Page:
Do’s and Don’ts after Inguinal Hernia Surgery

Inguinal hernia surgery is often successful. Many doctors say that it’s not hard to recover quickly after hernia-repair surgery. However sometimes post-operative pain and fatigue might last longer than expected. Therefore there are a few things you need to do and avoid to reduce the risk of having prolonged recoveries.

How well inguinal hernia surgery works?

An inguinal hernia is an abnormal opening (hole) that forms in the inguinal canal close to the groin. The hole allows abdominal fatty tissues or parts of the bowel to protrude, causing a bulge in the groin. It doesn’t repair on its own without surgical intervention, though surgery is not always necessary for hernia.

There are several types of surgery to repair inguinal hernias. The main ones are laparoscopy and open surgeries. Each type has pros and cons. But in general, both are safe and the recurrence rate is low, especially if the operation is done by experienced specialists.

Laparoscopic operation for hernia repair is different from open surgery in the following ways:

  1. Laparoscopic involves several small incisions instead of one large incision.
  2. Even for inguinal hernias on both sides, laparoscopic operation can repair them without needing to make more incisions. But for open surgery, it requires a second large incision.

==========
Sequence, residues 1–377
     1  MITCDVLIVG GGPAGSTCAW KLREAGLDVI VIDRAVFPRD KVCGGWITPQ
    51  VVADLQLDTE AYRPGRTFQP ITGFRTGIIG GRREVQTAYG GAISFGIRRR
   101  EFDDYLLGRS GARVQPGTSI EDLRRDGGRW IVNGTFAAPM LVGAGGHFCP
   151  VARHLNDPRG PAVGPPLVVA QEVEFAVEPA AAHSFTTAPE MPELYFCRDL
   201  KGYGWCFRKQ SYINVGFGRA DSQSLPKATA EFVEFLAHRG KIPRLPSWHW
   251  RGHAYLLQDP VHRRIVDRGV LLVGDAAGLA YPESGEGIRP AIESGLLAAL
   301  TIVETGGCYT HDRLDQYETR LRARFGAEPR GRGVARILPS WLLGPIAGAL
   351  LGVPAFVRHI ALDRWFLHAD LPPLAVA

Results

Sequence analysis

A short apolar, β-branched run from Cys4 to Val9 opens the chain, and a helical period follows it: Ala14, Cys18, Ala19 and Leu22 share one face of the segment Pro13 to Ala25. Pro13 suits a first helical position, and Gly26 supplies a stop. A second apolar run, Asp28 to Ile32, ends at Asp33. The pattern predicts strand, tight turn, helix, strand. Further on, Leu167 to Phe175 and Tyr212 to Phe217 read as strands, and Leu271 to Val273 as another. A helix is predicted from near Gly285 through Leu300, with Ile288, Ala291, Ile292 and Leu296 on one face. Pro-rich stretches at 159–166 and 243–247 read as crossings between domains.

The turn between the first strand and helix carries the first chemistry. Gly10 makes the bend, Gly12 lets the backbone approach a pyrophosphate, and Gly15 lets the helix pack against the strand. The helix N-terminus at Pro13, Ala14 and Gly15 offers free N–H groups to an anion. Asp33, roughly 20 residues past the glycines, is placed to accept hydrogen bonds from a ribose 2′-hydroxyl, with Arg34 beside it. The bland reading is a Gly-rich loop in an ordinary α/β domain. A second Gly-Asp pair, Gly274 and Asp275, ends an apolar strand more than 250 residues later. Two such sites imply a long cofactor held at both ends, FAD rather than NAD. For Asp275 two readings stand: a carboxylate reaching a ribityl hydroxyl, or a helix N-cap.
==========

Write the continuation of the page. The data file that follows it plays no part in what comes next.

3. General anesthesia is required for laparoscopic repair. Open repair for hernia can be performed under general, spinal, or local anesthesia.

Discomforts after surgery

As with most surgeries, you may experience a number of discomforts after inguinal hernia operation.

Postoperative discomforts depend on several factors, such as the kind of hernia repair surgery performed, whether it’s done by experienced surgeon, and your overall health. The common one is pain in the area where your hernia was repaired. You may also have varying degrees of soreness or swelling in the area.

Furthermore, it’s not uncommon to experience unusual sensations in the groin (such as occasional tugging and pulling) several months or even a year after operation. These occasional sensations are also common with many other surgeries.


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